The Rocky Mountaineer leaves the Pacific terminus of Vancouver and travels up through the Fraser Canyon into the high, dry country of the Cariboo before heading into the Rockies.

There are different itineraries to choose from: Banff, Jasper and Lake Louise are the most famous places to visit. The views of the Rocky Mountains are spectacular; bighorn sheep and mountain goats are often seen from the train.

For a hundred years after the railroad was completed in 1885, passenger trains crossed Canada regularly. In 1976, my mother and I took the transcontinental train trip, first from Vancouver to Toronto, where we changed to the Ocean Limited for Sydney, Nova Scotia. The overnight ferry then got us as far as Port Aux Basques on the west of Newfoundland and after a final long bus trip across "the Old Rock," we arrived in St. John's.

Now the shorter journeys on luxurious tourist trains through the most spectacular scenery provide a reminder of the days of slower and more relaxing travel along the old rail routes that once tied Canada together from east to west.

Saturday, April 14, 2012

Blood brothers and their shared destiny

Image from pri.org

It's a cliche that truth is stranger than fiction, as demonstrated in this true story penned by Vancouver writer Timothy Taylor. Until I read this article, I thought of him as a novelist. This is the tale of two the strange destinies of two men. The interlinked fates of two ex-soldiers, one Iranian and one Iraqi, is a bizarre, fascinating and inspiring true story.

"Blood Brothers" was published originally in March 2011 and was later reprinted in Reader's Digest as the Editor's Choice in January 2012. On his website, Taylor thanks Vancouver Magazine Editor-in-Chief Gary Ross for assigning it to him, calls it "one of the most affecting stories" he's ever worked on, and expresses his "honour to be sharing it more widely."

Taylor interviews Iranian-born Zahed Haftlang in a car repair shop on East Esplanade in North Vancouver. Haftlang built this business after he arrived in Canada in 1999, a 31-year-old refugee and survivor.

One 0f fifteen siblings, he ran away from home at age twelve and volunteered as a soldier during the Iran-Iraq war. In the army, he became a paramedic. During the re-taking of the Iranian city of Kharramshahr in 1982, previously captured by Iraq, Haftlang was part of a group detailed to kill survivors after the battle.

For some reason, when conscripted Iraqi soldier Najah Aboud asked for mercy, he spared his life. Even though this meant going against orders and putting himself at risk, Paramedic Haftlang kept the Iraqi alive, got him to a field hospital and persuaded the medics to treat him. Having known one another only a few days, the two parted as brothers, wishing one another God's protection and assistance.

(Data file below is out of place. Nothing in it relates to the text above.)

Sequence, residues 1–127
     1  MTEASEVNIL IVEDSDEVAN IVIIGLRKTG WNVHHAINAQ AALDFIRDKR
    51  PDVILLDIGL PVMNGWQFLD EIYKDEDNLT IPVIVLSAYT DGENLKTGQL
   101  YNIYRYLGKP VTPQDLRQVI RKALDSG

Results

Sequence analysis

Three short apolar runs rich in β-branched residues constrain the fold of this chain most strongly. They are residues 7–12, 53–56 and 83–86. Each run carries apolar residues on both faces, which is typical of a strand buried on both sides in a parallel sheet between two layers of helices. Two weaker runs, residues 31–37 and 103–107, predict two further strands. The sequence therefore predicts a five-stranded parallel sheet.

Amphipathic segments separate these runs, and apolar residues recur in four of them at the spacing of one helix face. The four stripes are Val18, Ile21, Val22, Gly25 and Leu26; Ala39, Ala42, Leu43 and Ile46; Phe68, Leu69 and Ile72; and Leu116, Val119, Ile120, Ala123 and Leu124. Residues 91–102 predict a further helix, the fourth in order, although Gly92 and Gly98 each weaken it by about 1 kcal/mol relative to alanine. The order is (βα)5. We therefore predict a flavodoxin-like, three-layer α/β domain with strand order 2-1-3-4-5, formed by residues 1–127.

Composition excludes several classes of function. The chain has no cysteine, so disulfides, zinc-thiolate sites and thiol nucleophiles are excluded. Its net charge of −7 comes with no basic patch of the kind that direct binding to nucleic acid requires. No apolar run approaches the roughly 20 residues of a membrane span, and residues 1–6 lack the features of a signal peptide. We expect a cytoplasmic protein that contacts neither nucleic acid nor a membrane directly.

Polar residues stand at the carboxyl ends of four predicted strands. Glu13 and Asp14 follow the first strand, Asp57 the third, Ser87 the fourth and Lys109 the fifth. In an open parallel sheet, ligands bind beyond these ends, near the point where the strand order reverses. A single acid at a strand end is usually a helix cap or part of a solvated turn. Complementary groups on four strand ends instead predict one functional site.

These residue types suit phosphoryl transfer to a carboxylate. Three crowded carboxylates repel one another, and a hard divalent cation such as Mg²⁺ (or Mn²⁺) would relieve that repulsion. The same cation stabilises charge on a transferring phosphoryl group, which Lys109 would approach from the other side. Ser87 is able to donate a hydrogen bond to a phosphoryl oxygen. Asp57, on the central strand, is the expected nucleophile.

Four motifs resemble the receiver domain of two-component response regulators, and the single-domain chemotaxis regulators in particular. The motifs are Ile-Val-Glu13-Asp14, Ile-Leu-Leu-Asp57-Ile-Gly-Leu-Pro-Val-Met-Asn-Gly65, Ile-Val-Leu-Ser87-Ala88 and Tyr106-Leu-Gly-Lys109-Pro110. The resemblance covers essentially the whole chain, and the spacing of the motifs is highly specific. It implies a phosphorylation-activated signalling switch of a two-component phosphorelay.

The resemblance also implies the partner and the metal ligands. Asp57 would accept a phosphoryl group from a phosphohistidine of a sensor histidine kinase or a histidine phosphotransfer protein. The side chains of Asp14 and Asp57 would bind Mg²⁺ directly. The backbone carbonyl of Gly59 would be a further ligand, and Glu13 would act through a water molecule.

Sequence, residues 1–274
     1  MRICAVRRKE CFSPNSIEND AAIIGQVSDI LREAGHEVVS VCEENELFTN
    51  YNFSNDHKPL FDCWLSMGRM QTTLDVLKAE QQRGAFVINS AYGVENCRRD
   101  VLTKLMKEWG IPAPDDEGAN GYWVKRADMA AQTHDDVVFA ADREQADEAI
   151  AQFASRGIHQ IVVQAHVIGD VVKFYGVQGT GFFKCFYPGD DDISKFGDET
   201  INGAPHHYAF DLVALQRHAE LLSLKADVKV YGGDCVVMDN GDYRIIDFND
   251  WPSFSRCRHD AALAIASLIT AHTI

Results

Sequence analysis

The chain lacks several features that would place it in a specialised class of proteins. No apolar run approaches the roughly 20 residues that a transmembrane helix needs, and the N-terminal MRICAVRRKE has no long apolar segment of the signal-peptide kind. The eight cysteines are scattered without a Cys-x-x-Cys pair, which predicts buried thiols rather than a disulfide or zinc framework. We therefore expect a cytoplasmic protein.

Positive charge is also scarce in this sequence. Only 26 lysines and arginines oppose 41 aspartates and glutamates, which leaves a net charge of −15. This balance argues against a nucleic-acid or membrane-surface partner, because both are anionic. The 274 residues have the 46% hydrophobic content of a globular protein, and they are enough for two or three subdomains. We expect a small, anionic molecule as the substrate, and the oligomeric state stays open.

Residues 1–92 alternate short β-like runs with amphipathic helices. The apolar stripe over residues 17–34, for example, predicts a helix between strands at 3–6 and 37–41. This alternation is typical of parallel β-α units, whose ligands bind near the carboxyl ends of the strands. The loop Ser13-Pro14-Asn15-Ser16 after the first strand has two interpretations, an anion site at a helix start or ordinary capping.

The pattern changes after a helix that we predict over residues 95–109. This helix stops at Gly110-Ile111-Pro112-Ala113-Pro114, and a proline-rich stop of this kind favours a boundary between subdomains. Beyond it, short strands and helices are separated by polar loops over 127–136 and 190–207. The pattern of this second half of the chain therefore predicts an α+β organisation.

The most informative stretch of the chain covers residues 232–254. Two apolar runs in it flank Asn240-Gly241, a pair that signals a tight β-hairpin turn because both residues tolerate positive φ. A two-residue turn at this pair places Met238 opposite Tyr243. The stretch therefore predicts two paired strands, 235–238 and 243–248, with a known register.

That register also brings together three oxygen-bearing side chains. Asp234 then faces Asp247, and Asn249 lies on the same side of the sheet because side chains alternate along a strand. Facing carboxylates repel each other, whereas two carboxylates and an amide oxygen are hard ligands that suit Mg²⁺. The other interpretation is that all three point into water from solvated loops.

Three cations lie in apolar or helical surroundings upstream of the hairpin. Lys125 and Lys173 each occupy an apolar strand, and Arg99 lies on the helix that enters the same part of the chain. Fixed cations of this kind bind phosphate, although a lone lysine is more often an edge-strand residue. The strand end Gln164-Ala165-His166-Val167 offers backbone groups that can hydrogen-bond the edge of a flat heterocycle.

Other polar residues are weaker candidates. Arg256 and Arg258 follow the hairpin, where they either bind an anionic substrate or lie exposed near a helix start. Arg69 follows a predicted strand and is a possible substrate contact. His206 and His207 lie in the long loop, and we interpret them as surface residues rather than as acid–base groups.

For the next seventeen years, Aboud remained a prisoner of war in Iran, where he learned the language of his captors. Finally freed, he decided to join his brother in Canada.

Haftlang fought on, was captured and spent time as a prisoner of war in Iraq. When he was freed, even though he was suffering from post-traumatic stress, he fell in love and had a child, then became a sailor. In Vancouver, he jumped ship after flying off the handle and getting in bad trouble with the ship's officer.

This is where the really astonishing part of the story begins. The denouement reads like a novel and offers a reminder that life is both simpler and more mysterious than we sometimes think.

Well-done, Timothy Taylor, for sharing this amazing story, which can be read here. And thanks to B, for giving me a copy of the article.

Kudos to VAST as well. Both men were helped by the Vancouver Association for the Survivors of Torture.

Friday, April 13, 2012

The Sense of an Ending, by Julian Barnes

Book cover image from Julian Barnes website

Are readers now expected to deconstruct novels as they read them? That's not what I want from a good book.

The sense of an ending is exactly what was missing when I finished this year's Man Booker winner by Julian Barnes. Although the opening didn't really pull me in, I did my part and read attentively, more by habit than because the book was suspenseful or exciting.

For me, the characters never came fully alive, and that was disappointing. I formed no clear image of Tony, even though he described himself.

Indeed, it was telling that he described his own hairless head; to see someone else's baldness -- Jack's, for instance, through Tony's eyes, would have been far more revealing. Likewise, ex-wife Margaret seemed bland, and all through the book Veronica lacked credible motivation.

To cope with an unreliable narrator like Tony, the reader needs some plot development, and this novel has little. Dutifully, I followed Tony as he followed Veronica, his long-ago girlfriend, trying to extract from her his dead friend's diary, which had inexplicably been left to him along with a small financial legacy, by Veronica's mother.

As we wandered around North London, a few more sensory details would have been welcome; instead, we got more of Tony's cerebral self-doubt. The grotesque but mysterious cast of characters that Veronica showcased never really captured my interest.

Upon finishing, I was surprised that this book won such a respectable prize, and I looked at a number of reviews to see what others had made of it, sampling views from readers in The U.K., Australia, the U.S. and Canada.

Apparently, I was odd woman out. Most reviewers praised the book, though some wrote about having to look back for clues. But why should a novelist expect a reader to do this? It interrupts the forward momentum of the story, and indicates that the writer has failed to reveal what the reader needs to know, the next tantalizing tidbit in the slow accumulation of information that gives the reader a stake in the eventual payoff.

In the end, I looked back for clues too, but I found limited satisfaction. Much remained unexplained. While that may be true in life, it's uninteresting in a novel. On the whole, I felt there was little room for this reader in The Sense of an Ending (Random House Canada, 2011).